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At This Hour
President Biden Calls For War Crimes Trial Against Putin; Holocaust Survivor, Who Fled Nazis As A Baby, Now Flees Russians; Grammy Presenters Mock Will Smith's Shocking Slap. Aired 11:30a-12p ET
Aired April 04, 2022 - 11:30 ET
THIS IS A RUSH TRANSCRIPT. THIS COPY MAY NOT BE IN ITS FINAL FORM AND MAY BE UPDATED.
JOHN HARWOOD, CNN WHITE HOUSE CORRESPONDENT: That's right. But he's got a good reason to go back, which is the signature accomplishment domestically of Barak Obama's administration, which was the Affordable Care Act, as you mentioned, 12 years old.
And this is an Act that, of course, Republicans fiercely resisted and then tried to eliminate when Donald Trump and a Republican Congress took power in 2017. They failed to do that. And Joe Biden since becoming president, for all the talk about unsuccessful legislative efforts and domestic policy efforts that he's made this, has been a big success, strengthening ObamaCare. He's done it in multiple ways.
First of all, in terms of enrollment, he's expanded enrollment, which was in particularly there are -- particularly high-demand for that during the pandemic. And now as a result of the most recent enrollment period, 14 and a half million Americans are signed up for care under those marketplaces under Obamacare, that's more than ever during Obama's presidency.
They've also, through the American Rescue Plan, expanded subsidies to make it easier for people to purchase ObamaCare policies. And they are preparing this week to unveil something called a family glitch. They're having a regulatory fix, which makes more families eligible for expanded subsidies. Now, passing the Build Back Better or some version of it is essential for continuing some of these -- some of this progress because the ObamaCare subsidies will expire after 2022.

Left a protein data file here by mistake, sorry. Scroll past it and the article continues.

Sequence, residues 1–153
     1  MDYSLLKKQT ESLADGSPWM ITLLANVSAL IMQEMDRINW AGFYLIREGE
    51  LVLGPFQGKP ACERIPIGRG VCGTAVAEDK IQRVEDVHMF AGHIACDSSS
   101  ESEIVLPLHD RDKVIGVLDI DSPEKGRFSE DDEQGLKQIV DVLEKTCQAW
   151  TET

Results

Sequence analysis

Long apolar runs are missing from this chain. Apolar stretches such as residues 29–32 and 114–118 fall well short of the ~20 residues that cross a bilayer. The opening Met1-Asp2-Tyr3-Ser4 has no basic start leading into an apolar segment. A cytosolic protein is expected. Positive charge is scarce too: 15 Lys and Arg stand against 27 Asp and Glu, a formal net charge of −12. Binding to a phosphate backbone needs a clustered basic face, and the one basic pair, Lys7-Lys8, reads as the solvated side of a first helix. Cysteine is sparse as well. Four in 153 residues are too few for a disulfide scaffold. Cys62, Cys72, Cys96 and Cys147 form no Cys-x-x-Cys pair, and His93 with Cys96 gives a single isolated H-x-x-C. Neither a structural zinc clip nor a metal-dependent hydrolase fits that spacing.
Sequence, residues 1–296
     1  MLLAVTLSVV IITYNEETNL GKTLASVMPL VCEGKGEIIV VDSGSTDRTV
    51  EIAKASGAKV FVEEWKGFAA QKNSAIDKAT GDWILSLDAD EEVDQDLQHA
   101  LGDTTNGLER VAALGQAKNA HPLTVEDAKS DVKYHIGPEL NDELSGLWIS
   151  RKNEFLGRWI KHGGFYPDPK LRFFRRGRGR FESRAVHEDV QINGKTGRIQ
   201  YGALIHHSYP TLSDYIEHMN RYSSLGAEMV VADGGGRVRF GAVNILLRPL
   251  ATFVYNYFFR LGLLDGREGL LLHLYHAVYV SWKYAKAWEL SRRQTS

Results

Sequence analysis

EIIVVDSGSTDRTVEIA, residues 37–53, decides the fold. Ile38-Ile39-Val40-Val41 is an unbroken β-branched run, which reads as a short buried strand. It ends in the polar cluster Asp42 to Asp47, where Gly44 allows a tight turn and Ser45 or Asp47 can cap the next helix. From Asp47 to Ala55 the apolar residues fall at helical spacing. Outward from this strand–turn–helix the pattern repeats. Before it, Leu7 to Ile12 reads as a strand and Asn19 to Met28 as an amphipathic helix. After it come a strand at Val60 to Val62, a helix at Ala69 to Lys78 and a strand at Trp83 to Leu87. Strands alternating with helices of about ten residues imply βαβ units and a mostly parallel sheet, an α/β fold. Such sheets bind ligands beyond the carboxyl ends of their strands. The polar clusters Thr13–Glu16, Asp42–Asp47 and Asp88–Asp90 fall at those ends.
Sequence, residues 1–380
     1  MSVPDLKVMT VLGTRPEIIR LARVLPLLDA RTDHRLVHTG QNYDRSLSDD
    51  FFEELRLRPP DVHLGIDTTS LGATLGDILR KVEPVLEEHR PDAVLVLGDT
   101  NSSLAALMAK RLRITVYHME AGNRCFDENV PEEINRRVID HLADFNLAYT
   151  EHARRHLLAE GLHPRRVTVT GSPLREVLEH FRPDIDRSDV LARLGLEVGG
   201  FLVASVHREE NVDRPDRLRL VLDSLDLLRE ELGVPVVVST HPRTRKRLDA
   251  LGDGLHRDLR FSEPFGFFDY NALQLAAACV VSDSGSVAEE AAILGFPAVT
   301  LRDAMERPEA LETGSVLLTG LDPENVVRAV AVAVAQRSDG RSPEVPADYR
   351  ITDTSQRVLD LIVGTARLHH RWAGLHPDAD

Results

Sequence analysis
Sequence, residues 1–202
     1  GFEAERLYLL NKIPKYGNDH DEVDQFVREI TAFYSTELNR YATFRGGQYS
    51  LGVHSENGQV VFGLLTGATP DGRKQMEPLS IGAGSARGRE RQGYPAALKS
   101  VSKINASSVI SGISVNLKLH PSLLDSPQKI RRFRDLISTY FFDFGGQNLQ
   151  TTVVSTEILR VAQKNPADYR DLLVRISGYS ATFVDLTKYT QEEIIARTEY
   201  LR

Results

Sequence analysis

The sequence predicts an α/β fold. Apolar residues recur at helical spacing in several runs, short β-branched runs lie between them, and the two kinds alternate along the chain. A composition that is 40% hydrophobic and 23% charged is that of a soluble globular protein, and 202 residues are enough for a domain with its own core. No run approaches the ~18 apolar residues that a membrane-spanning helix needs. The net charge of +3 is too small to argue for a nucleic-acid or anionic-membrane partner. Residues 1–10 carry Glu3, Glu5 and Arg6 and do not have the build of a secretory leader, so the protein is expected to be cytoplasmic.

But the President's hoping to revive that, to expand those subsidies, also to add 2 million people under Medicaid in the states that haven't expanded. So this has been fertile territory for President Biden so far, and his former boss, President Obama wants to come to celebrate that with him tomorrow. KATE BOLDUAN, CNN HOST: Interesting. It's good to see you, John. Thank you. Coming up still for us. A new level of brutality coming out of Ukraine, President Biden now calling for a war crimes trial against Vladimir Putin, what will that take and what can be done in the meantime? That's next.
BOLDUAN: Ukraine's president wants to -- wants the world to see what happened in Bucha. President Zelenskyy visited the town outside Kyiv today where we've discussed scores of civilians who have been killed, many of them buried in a mass grave. The bodies of civilians killed execution-style, some with their hands bound, scattered on the streets once occupied by Russian forces.
Joining me now and what this means is Ambassador Stephen Rapp. He's a former U.S. ambassador at large for war crimes issues. He's now a Distinguished Fellow for the -- in the prevention of genocide at the U.S. Holocaust Memorial Museum. Ambassador, thank you for coming back in. You have, unfortunately, seen some of the worst of humanity in your time working on war crimes. You saw these images coming out and what did you think?
STEPHEN J. RAPP, FORMER U.S. AMBASSADOR-AT-LARGE FOR WAR CRIMES ISSUES: Well, they're reminiscent of images that we had in Bosnia, and the former Yugoslavia, that we've had in Syria. Certainly, we've all been watching over the last six weeks the horrendous bombardment from the air, a pattern of attacks on civilian targets that really is a war crime.
But here, as I think a lot of us suspected, we're seeing the really brutal interpersonal part of it, the kind of punishment, the kind of terrorization meted out against the civilian population that doesn't want to be subjugated that people are tortured for information, raped in order to humiliate them, and then -- and then murdered on the street on their bicycles or waffling in their -- in their automobile.